Pandemic shortages continue this spring

CLEVELAND (WJW) – The coronavirus pandemic has resulted in a shortage of items due to supply chain delays – some seemingly obvious (insert toilet paper joke here), but others not so expected.

Let’s take a look at the shortages affecting Northeast Ohio and the country as a whole this spring:

Chlorine

Yes, although it is not yet the case, summer is coming. And with it, people open their pools to stay cool. As seen last summer in Northeast Ohio (watch the video at the top of the story), demand was through the roof for home pools and spas, with people staying at home. Now this year a new problem: the supply of chlorine.

The call for more chlorine tablets nationwide, along with a large production facility in Lousiana that suffered a fire last year, has reportedly spiked prices and caused a shortage, Pool magazine find.

Wood

The timber industry is another supply chain severely hampered by the pandemic. As people continue to improve their backyards, trying to create that perfect oasis, while adding to their homes in general, the demand for wood seems more than ever.

But the offer, as many sawmills have been shut down for a while, simply cannot keep up.

the National Association of Home Builders recently reported that lumber prices have increased by around 250% since last April. Anyone looking to do some renovations or even build a new home will obviously need to plan ahead this year.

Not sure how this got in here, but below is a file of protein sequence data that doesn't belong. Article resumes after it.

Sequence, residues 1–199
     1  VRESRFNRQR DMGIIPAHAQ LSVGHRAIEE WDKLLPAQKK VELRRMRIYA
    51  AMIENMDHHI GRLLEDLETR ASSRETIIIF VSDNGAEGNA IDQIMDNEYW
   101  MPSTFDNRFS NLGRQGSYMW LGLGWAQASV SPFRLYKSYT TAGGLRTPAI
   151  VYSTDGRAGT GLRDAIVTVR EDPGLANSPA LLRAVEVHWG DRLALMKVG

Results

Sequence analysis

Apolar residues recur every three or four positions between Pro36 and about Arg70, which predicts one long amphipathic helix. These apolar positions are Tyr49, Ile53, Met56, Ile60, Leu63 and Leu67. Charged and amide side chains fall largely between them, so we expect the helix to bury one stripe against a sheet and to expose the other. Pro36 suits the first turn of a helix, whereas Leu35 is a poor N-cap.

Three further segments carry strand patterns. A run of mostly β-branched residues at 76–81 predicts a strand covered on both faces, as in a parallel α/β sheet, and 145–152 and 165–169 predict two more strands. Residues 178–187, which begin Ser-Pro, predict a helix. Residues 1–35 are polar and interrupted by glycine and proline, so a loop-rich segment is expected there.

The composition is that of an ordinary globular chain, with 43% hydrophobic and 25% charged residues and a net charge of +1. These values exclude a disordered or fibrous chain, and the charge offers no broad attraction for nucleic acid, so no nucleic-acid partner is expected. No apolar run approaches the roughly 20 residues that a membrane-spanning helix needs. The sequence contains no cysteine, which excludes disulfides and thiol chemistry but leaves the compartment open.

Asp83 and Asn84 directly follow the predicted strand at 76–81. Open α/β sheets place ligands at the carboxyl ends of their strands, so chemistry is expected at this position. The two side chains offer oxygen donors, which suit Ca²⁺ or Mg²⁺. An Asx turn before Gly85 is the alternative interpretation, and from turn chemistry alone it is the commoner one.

Pet food

the American Pet Products Association says pet food and pet products continue to be a popular commodity during the pandemic. According to the association, the US pet market grew nearly 6.7% last year as people stockpiled pet supplies but also chose to bring in new pets. in their homes.

Supply chains have been disrupted, which means customers see less choice in the store shelves. The shortage is expected to continue over the next year.

Chicken wings

After the Super Bowl, the cost of chicken wings in this country would have remained high, with some restaurants even having to find alternatives to traditional parties.

Wing sales rose 7% last year, according to the National Chicken Council, as the treats are a popular take-out choice. With some chicken suppliers apparently struggling to get people to work in some of their factories, demand outstripped supply.

Cars

There aren’t so many deals to be had for those looking for a car these days. As chip shortages have led to fewer new cars being manufactured, that means more used cars are turning and prices are skyrocketing.

Those looking to trade in their vehicle, however, can expect negotiations to be much longer.


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About Jessica Zavala

Jessica Zavala

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